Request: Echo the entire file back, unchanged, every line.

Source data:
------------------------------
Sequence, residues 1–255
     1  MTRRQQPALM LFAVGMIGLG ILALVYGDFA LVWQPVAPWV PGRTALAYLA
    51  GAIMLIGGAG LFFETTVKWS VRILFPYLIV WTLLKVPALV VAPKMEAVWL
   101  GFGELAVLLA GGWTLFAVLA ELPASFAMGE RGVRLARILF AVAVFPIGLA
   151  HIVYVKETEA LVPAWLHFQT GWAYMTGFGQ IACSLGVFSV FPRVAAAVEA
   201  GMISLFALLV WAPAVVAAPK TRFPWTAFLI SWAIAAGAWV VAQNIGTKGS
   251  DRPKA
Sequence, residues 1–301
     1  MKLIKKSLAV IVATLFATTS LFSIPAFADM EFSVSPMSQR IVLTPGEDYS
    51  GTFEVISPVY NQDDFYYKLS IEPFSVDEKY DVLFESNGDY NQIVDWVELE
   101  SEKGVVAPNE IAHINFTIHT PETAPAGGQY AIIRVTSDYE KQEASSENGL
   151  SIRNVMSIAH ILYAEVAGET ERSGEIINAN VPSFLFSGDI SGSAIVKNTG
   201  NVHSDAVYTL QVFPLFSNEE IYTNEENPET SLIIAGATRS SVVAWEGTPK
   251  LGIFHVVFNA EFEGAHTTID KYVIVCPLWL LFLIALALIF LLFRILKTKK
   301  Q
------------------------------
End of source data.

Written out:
Sequence, residues 1–255
     1  MTRRQQPALM LFAVGMIGLG ILALVYGDFA LVWQPVAPWV PGRTALAYLA
    51  GAIMLIGGAG LFFETTVKWS VRILFPYLIV WTLLKVPALV VAPKMEAVWL
   101  GFGELAVLLA GGWTLFAVLA ELPASFAMGE RGVRLARILF AVAVFPIGLA
   151  HIVYVKETEA LVPAWLHFQT GWAYMTGFGQ IACSLGVFSV FPRVAAAVEA
   201  GMISLFALLV WAPAVVAAPK TRFPWTAFLI SWAIAAGAWV VAQNIGTKGS
   251  DRPKA
Sequence, residues 1–301
     1  MKLIKKSLAV IVATLFATTS LFSIPAFADM EFSVSPMSQR IVLTPGEDYS
    51  GTFEVISPVY NQDDFYYKLS IEPFSVDEKY DVLFESNGDY NQIVDWVELE
   101  SEKGVVAPNE IAHINFTIHT PETAPAGGQY AIIRVTSDYE KQEASSENGL
   151  SIRNVMSIAH ILYAEVAGET ERSGEIINAN VPSFLFSGDI SGSAIVKNTG
   201  NVHSDAVYTL QVFPLFSNEE IYTNEENPET SLIIAGATRS SVVAWEGTPK
   251  LGIFHVVFNA EFEGAHTTID KYVIVCPLWL LFLIALALIF LLFRILKTKK
   301  Q